However, there's a paper out there by a guy who ganged a whole bunch of them together to create a microwave weed killer (googling for that phrase will probably turn up the paper)..

Found that paper here:  http://typnet.net/Articles/WeedKiller.pdf   
Yikes!  Looks like an absolutely horrific device.  Twelve 800W magnetrons slapped into a large sheetmetal enclosure that creates twelve horns pointing at the ground.  Powered by a 400 V AC, 50 kVA generator run from a tractor motor.  This large contraption is pulled across the ground to kill weeds.  Freaking scary monstrosity of a thing. 

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TANAKASAN
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« Reply #6 on: September 11, 2010, 08:12:53 AM »

Anyone considering messing around with magnetrons should abandon plans to have children.

Tanakasan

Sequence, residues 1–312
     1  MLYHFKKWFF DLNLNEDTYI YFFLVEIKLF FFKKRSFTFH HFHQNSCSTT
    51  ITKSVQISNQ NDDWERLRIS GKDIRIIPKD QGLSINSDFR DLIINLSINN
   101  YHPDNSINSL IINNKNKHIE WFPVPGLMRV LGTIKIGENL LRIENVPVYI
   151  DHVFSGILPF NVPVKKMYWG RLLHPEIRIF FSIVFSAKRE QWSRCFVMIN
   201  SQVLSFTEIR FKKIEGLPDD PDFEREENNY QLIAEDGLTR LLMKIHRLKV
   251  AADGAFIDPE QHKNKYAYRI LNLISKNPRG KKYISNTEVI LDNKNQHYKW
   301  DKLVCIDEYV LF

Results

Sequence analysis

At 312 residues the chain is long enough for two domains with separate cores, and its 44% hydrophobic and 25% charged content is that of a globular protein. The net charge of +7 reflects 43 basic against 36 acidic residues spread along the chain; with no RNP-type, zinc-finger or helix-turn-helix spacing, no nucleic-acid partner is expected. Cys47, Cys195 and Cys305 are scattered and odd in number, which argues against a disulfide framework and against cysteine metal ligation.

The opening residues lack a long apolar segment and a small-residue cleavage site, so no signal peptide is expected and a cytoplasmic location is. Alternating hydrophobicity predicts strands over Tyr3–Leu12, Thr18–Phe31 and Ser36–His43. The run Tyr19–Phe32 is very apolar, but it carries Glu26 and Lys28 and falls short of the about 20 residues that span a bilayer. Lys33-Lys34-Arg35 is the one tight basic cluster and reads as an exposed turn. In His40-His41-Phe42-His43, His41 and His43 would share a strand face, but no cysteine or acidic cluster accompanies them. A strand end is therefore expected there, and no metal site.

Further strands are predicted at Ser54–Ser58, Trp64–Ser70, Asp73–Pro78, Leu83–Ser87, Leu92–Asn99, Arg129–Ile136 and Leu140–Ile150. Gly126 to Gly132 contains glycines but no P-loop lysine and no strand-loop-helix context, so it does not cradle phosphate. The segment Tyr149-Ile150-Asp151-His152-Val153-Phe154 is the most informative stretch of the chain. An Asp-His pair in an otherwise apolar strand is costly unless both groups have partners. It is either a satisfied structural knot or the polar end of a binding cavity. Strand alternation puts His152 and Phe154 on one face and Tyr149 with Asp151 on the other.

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W0BTU
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« Reply #7 on: September 11, 2010, 09:21:21 AM »

Why don't we just drag a microwave oven to the top of our tower, disable the door switch, and open and close the door to send CW?  Wink
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KH6DC
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« Reply #8 on: September 11, 2010, 04:34:12 PM »

Wouldn't it be easier to go to Best Buy and buy an extended range wireless router?
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73 and Aloha,
de Delwyn, KH6DC
N2EY
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« Reply #9 on: September 12, 2010, 05:50:22 AM »